Tiny Pages Made of Ashes 4/26/2013: Genre ReignsA comic review article by: Kelvin Green, Jason Sacks, Daniel Elkin
Tiny Pages Made of Ashes is Comics Bulletin's roundup of small press comics reviews.
London Horror Comic #5
(John-Paul Kamath, Drew Moss, Dean Kotz, Hi-Fi Design)
The previous issue of John-Paul Kamath's anthology was quite good but wasn't very, er, horrory. Call me a stuffy traditionalist, but I'm not sure that somewhat comedic superhero stories -- no matter how good they may be -- belong in a comic with the word "horror" on the cover. This new issue has a tighter focus on the ostensible subject matter but remains rather varied in tone, with two light-hearted tales featuring classic supernatural monsters and two more mundane -- but much more sinister -- stories.
The writing is good throughout, as Kamath adapts well to the different tones; "The Game", for example, is quite touching and heart-warming in places, while "Dead Love" delivers a couple of genuine shocks. There's also an interesting use of recurring themes -- I can't tell if it is deliberate or not -- as three of the four stories concern dating and romance. On the other hand, the two darker stories each feature a character called Ed, drawn to look similar in both, and it's only natural to think they are connected, except they're not. If this was deliberate then I can't work out why, and if not it's an unnecessary confusion that could have been resolved with a simple name change.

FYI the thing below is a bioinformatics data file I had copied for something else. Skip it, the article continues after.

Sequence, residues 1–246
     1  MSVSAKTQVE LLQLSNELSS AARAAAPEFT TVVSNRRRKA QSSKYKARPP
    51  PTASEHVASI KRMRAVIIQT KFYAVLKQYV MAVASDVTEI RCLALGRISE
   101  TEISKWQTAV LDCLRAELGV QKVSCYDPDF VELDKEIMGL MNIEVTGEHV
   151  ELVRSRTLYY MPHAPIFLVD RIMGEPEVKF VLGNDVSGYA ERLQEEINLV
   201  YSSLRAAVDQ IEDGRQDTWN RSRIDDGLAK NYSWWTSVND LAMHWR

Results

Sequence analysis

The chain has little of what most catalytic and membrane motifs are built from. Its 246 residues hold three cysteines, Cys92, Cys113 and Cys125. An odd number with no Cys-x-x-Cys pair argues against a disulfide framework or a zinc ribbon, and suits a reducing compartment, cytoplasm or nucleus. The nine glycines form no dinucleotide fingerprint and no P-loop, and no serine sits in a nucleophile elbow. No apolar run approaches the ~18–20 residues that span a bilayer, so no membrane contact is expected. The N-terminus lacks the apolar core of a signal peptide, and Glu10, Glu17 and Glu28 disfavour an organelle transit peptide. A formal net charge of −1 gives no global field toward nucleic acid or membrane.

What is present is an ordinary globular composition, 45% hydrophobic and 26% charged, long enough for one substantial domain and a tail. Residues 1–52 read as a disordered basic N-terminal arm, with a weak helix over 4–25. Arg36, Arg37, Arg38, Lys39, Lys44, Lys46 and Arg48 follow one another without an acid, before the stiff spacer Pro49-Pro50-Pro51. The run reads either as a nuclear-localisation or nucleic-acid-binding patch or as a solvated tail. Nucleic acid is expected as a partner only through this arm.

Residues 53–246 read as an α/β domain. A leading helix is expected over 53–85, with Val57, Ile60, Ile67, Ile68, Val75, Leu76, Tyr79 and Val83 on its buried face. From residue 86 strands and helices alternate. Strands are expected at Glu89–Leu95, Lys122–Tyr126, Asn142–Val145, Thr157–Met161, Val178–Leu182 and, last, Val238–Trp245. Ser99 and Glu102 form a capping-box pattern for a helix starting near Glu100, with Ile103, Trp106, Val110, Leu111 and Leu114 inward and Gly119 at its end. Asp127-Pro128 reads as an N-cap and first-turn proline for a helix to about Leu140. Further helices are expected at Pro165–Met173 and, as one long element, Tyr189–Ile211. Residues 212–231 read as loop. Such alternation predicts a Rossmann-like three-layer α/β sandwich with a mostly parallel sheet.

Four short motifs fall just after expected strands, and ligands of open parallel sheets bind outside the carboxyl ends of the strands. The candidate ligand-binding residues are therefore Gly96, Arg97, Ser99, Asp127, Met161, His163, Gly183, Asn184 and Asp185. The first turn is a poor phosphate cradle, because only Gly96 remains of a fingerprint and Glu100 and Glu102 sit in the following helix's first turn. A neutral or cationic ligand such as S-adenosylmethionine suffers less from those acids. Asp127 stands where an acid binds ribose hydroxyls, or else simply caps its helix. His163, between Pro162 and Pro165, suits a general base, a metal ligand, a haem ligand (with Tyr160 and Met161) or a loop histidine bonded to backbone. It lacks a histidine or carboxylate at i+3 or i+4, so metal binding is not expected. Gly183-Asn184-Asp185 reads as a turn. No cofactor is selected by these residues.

As with the previous issue -- Dean Kotz returns as one of the artists -- the art is excellent, and well-chosen. Drew Moss makes use of clean lines, expressive characters and exaggerated storytelling -- one might say "cartoony" -- and as such is a good fit for the more light-hearted stories he's given to draw. Kotz's art on the other hand has a more realistic look and his storytelling is more subdued -- although it never devolves into static photo-realism -- and so is quite appropriate for the dark and perverse concepts explored in his stories. The colors from Hi-Fi Design are good, but also intelligent, matching the mood and style of the individual stories well.
This is the strongest issue of London Horror Comic to date. The tighter focus on, well, horror is welcome but Kamath also finds a way to draw on different ideas of what horror means as a genre to deliver a varied anthology with different types of story.
- Kelvin Green
Find out more about London Horror Comic at londonhorrorcomic.com.
Lone Star Soul
If I told you this new graphic novel was a philosophical sci-fi western with Blaxpoitation overtones was pretty spectacular, would you think I was crazy? Would you force me off this website, question my critical skills, ponder just how much the process of collaborative writing with Daniel Elkin has corroded my thought process?
Because I swear to you that Elkin is a genius who makes the most amazing sandwiches between here and Alpha Centauri. And I swear to you that Lone Star Soul is pretty damn awesome.
This book reads like a reminder of the old, classic days of Heavy Metal when the likes of Moebius and Jodorowsky pondered mankind's existing in a surreal, beautiful universe where the eccentric threats our characters faced seemed to be painfully, beautifully out of your grasp as you worked your way through spectacularly imaginative landscapes.
"I walk. Across vast, desolate, soulless sands. I walk. And search for my soul."